By taking these five steps financial firms can put in place a comprehensive ongoing cybersecurity program. Here are the steps:
- Realize that cybersecurity is not an IT issue. There is a difference between information security and IT. IT specialists ensure that networks are safe, and secure and running smoothly. A skilled team of information security specialists live and breathe cybersecurity 24/7. They keep up with the changing cyber threats. They reveal current risk and vulnerabilities and develop a plan to put security controls in place. Of course, they orchestrate the controls, tools, plans, policies, and procedures.
- Do not rely on antivirus. In today’s cyber environment it is ineffective. Antivirus looks for malicious code Malicious logs must already be known, so they typically are three to six months old and be whitelisted. Instead, enable an endpoint threat detection and response tool and eliminate antivirus. EDR monitors, analyzes and finds threats for malicious activity and anomalies in real time.
- Learn the importance of encryption. Disk encryption is built into most mobile devices and almost all iPads, and phones. This technology that protects information by changing it to unreadable code should be enabled for all devices.
- Multifactor authentication (MFA) is necessary. MFA is an authentication method that requires the user to provide two or more verification factors to gain access to a resource such as an application, online account, or a VPN. Rather than just asking for a username and password, MFA requires one or more additional verification factors, which decreases the likelihood of a successful cyber attack. MFA should be required for remote access to a desktop, server or any data. It is also good practice to use MFA wherever it is available – bank accounts, social media, e-commerce sites, to name a few.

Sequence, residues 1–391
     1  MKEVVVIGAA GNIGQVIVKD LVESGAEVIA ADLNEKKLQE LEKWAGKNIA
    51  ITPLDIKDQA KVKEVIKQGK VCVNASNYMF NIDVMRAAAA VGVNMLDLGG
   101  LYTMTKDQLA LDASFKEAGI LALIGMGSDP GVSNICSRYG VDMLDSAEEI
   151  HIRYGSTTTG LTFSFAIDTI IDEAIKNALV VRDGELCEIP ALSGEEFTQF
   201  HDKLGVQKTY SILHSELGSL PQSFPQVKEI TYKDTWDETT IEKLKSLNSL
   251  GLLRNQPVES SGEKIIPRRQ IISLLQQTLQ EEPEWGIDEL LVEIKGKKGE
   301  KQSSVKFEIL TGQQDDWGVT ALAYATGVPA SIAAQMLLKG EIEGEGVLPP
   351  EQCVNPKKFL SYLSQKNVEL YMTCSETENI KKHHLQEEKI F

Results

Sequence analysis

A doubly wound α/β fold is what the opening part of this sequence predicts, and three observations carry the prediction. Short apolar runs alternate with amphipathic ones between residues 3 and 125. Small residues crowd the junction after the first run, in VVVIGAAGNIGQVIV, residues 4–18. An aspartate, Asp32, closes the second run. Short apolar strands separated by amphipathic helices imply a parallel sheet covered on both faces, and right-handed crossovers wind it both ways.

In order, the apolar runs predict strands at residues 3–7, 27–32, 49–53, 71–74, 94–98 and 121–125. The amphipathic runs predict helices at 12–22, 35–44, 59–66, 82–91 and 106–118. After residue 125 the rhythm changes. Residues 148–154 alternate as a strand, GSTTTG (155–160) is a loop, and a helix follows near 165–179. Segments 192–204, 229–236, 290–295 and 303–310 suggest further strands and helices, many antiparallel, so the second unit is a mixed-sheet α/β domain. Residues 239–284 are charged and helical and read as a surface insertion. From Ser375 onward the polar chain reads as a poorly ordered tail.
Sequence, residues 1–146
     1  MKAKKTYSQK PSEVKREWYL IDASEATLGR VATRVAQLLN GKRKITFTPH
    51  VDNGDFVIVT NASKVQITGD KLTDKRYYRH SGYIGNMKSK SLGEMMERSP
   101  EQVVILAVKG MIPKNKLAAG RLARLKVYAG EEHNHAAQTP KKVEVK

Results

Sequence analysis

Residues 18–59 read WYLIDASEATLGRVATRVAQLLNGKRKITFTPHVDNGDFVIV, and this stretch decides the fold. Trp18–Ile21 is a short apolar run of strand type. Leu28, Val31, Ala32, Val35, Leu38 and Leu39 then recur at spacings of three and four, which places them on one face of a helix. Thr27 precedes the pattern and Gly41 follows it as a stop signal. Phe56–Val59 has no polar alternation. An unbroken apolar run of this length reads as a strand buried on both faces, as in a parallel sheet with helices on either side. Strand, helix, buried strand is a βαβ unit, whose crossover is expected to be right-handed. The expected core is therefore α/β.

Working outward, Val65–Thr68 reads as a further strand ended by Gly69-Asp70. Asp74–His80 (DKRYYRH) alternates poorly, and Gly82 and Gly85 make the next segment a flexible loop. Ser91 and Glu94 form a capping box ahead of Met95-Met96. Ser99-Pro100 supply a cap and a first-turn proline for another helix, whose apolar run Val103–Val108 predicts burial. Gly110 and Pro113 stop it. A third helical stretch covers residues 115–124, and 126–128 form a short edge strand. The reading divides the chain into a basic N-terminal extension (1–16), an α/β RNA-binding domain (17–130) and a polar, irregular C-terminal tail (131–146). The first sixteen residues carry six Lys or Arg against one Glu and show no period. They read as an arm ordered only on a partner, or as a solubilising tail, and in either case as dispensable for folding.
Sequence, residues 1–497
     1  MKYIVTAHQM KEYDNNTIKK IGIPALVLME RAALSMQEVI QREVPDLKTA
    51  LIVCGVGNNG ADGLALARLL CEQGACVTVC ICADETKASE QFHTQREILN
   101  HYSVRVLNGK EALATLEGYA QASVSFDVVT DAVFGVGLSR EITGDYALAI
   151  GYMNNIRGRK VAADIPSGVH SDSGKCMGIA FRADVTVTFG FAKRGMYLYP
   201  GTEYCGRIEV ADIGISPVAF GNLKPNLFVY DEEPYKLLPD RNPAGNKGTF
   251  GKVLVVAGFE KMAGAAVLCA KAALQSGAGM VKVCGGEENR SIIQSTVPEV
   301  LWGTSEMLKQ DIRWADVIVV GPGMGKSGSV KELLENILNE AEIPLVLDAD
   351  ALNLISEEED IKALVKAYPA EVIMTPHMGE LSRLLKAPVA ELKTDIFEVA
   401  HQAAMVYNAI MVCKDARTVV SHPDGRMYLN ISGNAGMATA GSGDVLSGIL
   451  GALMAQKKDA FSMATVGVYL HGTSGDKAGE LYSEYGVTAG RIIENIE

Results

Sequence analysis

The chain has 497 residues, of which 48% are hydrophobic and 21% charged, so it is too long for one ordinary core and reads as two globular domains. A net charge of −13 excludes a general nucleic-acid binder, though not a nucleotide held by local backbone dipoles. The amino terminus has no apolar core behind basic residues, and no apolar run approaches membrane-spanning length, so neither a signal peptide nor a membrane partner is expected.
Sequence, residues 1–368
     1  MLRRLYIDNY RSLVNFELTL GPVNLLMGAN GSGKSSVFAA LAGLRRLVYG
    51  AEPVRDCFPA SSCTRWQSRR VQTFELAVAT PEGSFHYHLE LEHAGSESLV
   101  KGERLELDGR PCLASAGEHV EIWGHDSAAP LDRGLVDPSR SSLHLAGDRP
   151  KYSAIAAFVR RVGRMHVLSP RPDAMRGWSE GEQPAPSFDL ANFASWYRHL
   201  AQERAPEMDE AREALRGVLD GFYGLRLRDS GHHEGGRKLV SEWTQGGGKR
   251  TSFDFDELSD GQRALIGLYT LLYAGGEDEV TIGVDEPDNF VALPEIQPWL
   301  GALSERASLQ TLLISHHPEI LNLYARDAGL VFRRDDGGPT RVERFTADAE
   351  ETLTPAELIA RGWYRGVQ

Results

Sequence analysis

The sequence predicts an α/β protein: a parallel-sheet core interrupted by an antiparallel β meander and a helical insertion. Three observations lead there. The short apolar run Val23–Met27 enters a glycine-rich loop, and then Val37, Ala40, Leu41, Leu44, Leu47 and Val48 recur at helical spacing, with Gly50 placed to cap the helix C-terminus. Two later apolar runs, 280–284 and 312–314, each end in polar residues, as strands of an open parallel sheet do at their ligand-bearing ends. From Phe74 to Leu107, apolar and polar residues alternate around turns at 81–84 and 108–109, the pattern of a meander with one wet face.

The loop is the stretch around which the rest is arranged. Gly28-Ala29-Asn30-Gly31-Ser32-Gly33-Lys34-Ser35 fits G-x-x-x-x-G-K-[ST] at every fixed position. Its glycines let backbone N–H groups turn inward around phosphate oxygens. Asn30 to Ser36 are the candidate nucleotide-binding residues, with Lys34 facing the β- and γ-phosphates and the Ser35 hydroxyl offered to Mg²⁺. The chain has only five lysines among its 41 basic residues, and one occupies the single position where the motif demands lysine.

- Create and foster a security-first environment from the top of the organization down. Employees are your first line of defense against a breach. Everyone who has access to any kind of computer or device on a network must have security awareness training. Continuously. No one is exempt.
A layered security approach with multiple best-of-breed tools and constant vigilance is the most effective line of defense.
Tying it all Together
Cyber risk is constantly evolving. In a technology-driven world, cyber risk is woven into the fabric of society. As the dependence on digital technologies in the business world increases, so does the scope of cyber risk. Cyber threat actors are active adversaries, constantly adapting their tactics, techniques, and procedures to cause harm.
Cyber risk can never be eliminated. Organizations will need to adopt new methods of understanding, measuring, and managing cyber risk on a continuous basis. A combination of cyber insurance and best-in-class cybersecurity practices can reduce this risk and provide some peace of mind for leaders.
About the Author
Tom Kirkham is Founder, CEO and CISO of Kirkham.IT and IronTech Security. Tom founded IronTech Security to focus on cybersecurity defense systems that protect and secure data for the financial, law, and water utility industries. IronTech focuses on educating and encouraging organizations to establish a security-first environment with cybersecurity training programs for all employees to prevent successful attacks. Tom brings more than three decades of software design, network administration, and cybersecurity knowledge to the table. During his career, Tom has received multiple software design awards and founded other acclaimed technology businesses. He is an active member of the FBI’s Arkansas InfraGard Chapter and frequently speaks about the latest in security threats. Tom’s new book: The Cyber Pandemic Survival Guide – Protecting Yourself from the Coming Worldwide Cyber Warwas published in July.